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  • Writer's pictureLinda Odhner, with photos by Liz Kufs

Excerpted Inspirations #87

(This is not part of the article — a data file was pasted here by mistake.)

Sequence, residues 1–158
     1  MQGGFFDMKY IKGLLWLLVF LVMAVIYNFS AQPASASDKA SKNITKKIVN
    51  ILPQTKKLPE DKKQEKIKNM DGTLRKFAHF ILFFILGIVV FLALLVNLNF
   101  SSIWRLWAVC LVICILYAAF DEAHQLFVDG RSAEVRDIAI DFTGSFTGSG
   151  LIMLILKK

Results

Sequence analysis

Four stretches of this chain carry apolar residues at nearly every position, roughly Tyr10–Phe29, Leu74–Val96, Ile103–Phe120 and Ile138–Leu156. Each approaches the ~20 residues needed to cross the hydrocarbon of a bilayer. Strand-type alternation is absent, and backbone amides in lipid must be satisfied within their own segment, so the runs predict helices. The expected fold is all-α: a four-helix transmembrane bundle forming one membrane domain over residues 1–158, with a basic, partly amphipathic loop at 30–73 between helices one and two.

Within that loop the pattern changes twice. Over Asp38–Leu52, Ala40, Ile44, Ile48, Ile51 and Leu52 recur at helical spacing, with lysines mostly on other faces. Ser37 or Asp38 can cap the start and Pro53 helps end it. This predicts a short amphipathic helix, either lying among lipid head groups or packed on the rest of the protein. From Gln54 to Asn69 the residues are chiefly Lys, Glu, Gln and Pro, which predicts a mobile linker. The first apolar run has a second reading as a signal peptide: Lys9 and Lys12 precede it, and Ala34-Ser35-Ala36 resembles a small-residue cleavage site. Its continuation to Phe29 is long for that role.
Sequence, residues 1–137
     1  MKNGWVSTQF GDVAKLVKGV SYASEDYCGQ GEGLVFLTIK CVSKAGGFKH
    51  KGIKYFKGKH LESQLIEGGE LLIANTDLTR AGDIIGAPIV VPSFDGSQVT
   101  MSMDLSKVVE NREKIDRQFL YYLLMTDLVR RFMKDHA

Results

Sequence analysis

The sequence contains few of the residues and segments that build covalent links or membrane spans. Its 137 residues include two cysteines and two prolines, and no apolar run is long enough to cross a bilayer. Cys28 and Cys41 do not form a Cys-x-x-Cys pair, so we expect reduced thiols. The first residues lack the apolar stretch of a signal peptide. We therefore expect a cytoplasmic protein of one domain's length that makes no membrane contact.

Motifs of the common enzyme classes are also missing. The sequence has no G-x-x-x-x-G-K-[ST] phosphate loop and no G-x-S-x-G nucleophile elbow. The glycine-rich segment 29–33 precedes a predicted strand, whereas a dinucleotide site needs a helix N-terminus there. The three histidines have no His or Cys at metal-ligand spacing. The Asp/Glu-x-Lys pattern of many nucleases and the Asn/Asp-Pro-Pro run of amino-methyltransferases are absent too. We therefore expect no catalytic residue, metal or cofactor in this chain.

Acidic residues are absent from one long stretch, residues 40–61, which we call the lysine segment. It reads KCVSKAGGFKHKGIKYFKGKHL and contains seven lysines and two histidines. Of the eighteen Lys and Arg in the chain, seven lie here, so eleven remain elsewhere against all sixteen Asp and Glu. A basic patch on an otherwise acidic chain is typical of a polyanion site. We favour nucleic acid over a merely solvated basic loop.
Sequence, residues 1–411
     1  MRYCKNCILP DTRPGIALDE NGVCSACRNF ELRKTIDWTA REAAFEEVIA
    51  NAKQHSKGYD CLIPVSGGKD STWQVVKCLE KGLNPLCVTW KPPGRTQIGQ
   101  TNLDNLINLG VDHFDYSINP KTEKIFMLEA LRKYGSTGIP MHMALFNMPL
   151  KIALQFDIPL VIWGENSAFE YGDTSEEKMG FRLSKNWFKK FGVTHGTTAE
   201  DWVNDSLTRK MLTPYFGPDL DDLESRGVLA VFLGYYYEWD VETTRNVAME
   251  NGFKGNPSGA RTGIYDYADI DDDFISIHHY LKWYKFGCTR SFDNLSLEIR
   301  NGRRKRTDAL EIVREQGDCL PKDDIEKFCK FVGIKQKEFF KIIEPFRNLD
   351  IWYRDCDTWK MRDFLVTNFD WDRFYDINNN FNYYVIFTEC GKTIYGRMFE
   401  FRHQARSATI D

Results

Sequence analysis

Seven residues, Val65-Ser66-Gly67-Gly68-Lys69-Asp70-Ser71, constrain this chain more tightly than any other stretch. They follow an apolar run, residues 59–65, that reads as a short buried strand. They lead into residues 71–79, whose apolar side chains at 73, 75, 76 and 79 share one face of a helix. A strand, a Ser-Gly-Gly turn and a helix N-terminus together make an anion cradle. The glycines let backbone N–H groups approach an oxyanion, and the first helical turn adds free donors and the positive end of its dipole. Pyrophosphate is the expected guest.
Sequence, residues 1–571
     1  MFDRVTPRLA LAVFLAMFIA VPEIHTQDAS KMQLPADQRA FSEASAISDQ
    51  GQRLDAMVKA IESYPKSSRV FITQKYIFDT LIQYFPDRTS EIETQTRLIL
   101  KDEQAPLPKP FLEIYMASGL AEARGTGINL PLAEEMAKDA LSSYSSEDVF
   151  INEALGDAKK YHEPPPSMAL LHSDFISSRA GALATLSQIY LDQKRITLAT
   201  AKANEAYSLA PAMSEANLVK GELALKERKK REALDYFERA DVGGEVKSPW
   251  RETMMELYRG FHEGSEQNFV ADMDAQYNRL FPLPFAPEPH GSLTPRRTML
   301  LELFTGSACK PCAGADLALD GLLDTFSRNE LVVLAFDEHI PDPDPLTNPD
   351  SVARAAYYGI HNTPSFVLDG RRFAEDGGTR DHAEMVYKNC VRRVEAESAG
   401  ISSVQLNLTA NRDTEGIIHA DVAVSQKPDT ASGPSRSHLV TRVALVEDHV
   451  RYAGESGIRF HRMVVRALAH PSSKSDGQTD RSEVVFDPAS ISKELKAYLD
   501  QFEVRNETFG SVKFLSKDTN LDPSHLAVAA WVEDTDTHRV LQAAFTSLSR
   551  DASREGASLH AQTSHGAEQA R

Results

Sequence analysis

One day I was sent over to Mrs. Pratt's to get some butter, and found it just out of the churn.  So, munching on a cookie, I sat down to wait till Mrs. Pratt should work it over, and listened to her stream of talk -- the chickens, the hailstorm the other day, had my folks begun to make currant jelly yet? and so on -- till she had finished and was shaping the butter into round pats.  "This always puts me in mind of Aunt Almera," she said, interrupting an account of how the men had chased a woodchuck up a tree -- whoever heard of such a thing?  "Whenever I begin to make the pats, I remember when I was a girl working for her.  She kept you right up to the mark, I tell you, and you ought to have seen how she lit into me when she found out some of my butter pats were just a little over a pound and some a little less.  It was when she happened to have too much cream and she was 'trading in' the butter at the store.  You'd have thought I'd stolen a fifty-cent piece to hear her go on!  "I sell those for a pound; they've got to be a pound," says she, the way she always spoke, as if that ended it.       "'But land's sakes, Mis' Canfield,' says I, all out o' patience with her, 'an ounce or two one way or the other -- it's as likely to be more as less, you know!  What difference does it make?  Nobody expects to make their pats just a pound!  How could you?'      "'How could you?  How could you?' says she.  'Why, just the way you make anything else the way it ought to be -- by keeping at it till it is right.  What other way is there?'      "I didn't think you could do it.  I knew you couldn't; but you always had to do the way Mis' Canfield said, and so I began grumbling under my breath about high-handed, fussy old women.  But she never minded what you said about her, so long as you did your work right.  So I fussed and fussed, clipping off a little, and adding on a little, and weighing it between times.  It was the awfulest bother you ever saw, because it spoiled the shape of your pat to cut at it, and you had to start over again every time.      "Well, you wouldn't believe it, how soon I got the hang of it!  She'd made me think about it so much, I got interested, and it wasn't any time at all before I could tell the heft of a pat to within a fraction of an ounce just by the feel of it in my hand.  I never forgot it.  You never do forget that kind of thing.  I brought up my whole family on that story.  'Now you do that spelling lesson just exactly right,' I'd say to my Lucy, 'just the way Aunt Almera made me do the butter pats!'"  -Dorothy Canfield, "Almera Hawley Canfield" (1921), pp. 62-63

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